World class. Those two words were used by Graeme McDowell to describe the talent of Michael Hoey after his fellow Ulsterman’s brilliantly defiant victory in the Dunhill Links Championship.
Prior to Sunday, Hoey, 32 and a six-times visitor to Qualifying School during nine years as a professional, has long been viewed by his peers as a player of vast, unfulfilled potential.
Two European Tour victories, including this year’s Madeira Open, and three wins on the Challenge Tour represented scant reward for a player of his talents.
The Ballymoney-born man certainly set that record straight at St Andrews as he stamped his authority on a field which included 13 Major Champions and five of the world’s top-six.
Yet Hoey’s greatest achievement in a roller-coaster final round was to stare down the demons of self-doubt which tripped him up too often in the past. Having made such a massive personal breakthrough on The Old Course, Hoey should now go on and emulate the astonishing success of Rory McIlroy, McDowell and Open Champion Darren Clarke at the Majors.
McDowell and World No 1 Luke Donald took enormous pleasure in seeing Hoey, their GB&I teammate during an historic first Walker Cup win on US soil in 2001, deliver at last on the promise of his youth.
It was tough. Three ahead going into the final round, his lead evaporated after six holes and, as he trailed McIlroy by one with six to play, Hoey confessed: “I began thinking how much I’d get for third”.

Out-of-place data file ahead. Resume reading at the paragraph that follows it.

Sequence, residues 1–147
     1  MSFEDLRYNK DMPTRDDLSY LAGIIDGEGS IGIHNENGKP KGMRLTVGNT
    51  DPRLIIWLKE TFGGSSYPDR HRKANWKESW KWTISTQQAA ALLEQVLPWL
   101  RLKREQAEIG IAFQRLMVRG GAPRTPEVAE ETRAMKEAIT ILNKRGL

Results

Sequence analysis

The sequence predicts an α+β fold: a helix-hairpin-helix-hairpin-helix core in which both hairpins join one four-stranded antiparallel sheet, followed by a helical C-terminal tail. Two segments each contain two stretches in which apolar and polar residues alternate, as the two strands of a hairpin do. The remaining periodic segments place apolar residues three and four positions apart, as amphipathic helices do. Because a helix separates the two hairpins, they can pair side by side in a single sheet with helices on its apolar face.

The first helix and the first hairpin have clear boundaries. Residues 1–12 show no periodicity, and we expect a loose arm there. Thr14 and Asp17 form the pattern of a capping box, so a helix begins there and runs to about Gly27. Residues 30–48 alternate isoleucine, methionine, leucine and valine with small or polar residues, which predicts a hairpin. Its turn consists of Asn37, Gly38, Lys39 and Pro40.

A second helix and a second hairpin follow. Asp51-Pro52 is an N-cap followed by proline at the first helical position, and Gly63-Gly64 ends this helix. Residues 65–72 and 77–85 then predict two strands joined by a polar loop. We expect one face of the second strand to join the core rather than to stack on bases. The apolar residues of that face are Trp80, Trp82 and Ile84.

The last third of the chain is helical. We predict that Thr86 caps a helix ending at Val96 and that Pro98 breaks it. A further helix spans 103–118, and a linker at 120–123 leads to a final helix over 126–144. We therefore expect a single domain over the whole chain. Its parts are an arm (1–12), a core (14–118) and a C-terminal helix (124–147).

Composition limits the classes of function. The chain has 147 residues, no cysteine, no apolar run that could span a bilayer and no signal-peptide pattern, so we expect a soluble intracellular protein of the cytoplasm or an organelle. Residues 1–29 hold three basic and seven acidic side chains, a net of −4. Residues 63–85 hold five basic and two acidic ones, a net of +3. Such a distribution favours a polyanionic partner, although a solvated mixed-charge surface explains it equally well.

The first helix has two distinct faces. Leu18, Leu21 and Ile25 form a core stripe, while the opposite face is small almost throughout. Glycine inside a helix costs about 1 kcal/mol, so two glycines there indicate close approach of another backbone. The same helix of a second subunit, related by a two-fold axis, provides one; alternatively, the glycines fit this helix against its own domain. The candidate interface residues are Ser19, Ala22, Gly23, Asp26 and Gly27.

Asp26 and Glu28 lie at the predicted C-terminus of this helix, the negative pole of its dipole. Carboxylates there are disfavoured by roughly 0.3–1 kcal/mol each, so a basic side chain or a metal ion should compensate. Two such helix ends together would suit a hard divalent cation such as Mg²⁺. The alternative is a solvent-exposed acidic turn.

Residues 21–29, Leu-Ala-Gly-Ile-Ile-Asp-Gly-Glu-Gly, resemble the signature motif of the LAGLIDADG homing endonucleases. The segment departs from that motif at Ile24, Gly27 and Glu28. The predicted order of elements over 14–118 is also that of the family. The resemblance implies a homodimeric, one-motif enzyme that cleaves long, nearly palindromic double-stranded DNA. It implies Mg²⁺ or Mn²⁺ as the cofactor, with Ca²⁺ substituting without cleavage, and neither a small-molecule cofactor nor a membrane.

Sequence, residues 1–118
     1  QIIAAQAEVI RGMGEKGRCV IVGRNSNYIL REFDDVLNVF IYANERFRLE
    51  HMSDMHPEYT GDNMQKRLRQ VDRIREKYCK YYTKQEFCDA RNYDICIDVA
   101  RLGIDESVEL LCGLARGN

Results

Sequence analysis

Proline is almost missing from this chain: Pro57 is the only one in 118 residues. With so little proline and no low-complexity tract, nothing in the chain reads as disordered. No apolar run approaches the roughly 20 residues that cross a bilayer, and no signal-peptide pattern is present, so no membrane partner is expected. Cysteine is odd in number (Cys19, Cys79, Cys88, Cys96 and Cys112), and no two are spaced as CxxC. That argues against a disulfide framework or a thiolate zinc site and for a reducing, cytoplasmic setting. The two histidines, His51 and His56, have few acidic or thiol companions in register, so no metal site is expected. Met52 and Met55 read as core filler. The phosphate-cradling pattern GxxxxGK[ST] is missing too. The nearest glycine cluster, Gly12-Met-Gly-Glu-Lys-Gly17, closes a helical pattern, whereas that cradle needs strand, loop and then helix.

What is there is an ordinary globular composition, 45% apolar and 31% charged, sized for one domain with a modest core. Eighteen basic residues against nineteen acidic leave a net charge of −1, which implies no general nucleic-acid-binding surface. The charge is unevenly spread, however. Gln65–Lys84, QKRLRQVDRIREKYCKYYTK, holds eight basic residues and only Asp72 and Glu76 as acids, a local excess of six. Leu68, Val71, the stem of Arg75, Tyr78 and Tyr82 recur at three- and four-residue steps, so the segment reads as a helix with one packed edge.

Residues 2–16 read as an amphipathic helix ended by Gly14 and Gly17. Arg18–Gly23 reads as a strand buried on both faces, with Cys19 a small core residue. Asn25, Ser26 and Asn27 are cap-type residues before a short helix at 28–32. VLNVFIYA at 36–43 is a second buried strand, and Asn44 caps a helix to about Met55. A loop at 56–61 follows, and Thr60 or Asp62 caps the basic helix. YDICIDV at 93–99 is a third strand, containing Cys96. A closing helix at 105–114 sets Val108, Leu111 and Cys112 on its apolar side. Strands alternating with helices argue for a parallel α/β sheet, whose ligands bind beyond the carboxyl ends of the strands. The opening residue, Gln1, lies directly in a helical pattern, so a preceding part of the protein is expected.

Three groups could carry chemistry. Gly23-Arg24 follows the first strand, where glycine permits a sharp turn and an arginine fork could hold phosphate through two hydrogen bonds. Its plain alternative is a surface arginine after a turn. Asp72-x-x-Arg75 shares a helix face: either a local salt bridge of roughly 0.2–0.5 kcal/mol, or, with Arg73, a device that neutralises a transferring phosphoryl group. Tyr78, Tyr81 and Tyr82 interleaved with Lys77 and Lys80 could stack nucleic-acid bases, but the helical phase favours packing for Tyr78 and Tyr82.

Instead, he found the inner-strength to overhaul a flagging McIlroy with three birdies in the brilliant final four holes of his closing 68.
The tournament record score (22-under) was Hoey’s, along with the biggest cheque by far of his career, £504,352.
Marvellous 7-iron approach shots at 16 and 17 were obvious highlights but McDowell simply said “wow” when describing the honey-sweet driver Hoey hit off the deck to the front edge of the green at the par five 14th so that’s why he knew Hoey as ‘Magico’ during their boyhood.
Hoey’s victory is a record fifth Northern Ireland players on Tour in 2011, including those two Majors!
Of 22 victories by Irish touring professionals since 2008 (excluding seniors and challenge tour golf), 16 have been achieved by players from Ulster, including 10 of the last 11.
With Hoey, McIlroy and McDowell in the top-three at St Andrews on Sunday, this stunning golden spell by northern golfers is set to continue.
Hoey soared 173 places to 98th in yesterday’s world rankings, while Padraig Harrington, an impressive eighth at St Andrews, climbed six rungs to 78th.
Meanwhile, Tiger Woods (pictured) has washed out of the golf’s elite world top-50 for the first time since October 20, 1996 and his first few months as a professional.
Woods was No 51 in the official rankings issued yesterday, a profound and deeply symbolic moment in his nightmarish descent into mediocrity since November 2009.
Having missed last month’s prestigious FedEx Cup playoffs, Woods this week makes his first appearance on the PGA Tour’s ‘second tier’ Fall Series in the Frys.com Open at the CordeValle Resort near San Jose in his native California.
Despite Tiger’s fall from grace, the organisers expect attendance figures to soar from 30,000 last season to 70,000-plus this week, with 300 media credentials, three times more than 2011, already issued.
During a Presidents Cup conference call, Tiger was upbeat, saying: “I’m really excited to get back out there and compete, knowing that I’m finally healthy enough to do it now.”
That’d be more believable if Tiger hadn’t spun exactly the same line before missing the cut at the PGA Championship.
Frankly, with every department of his game so far out of kilter and in need of repair, it’ll take a near-miracle for Tiger’s harrowing freefall to bottom out before the end of the year, if ever never mind the end of this week.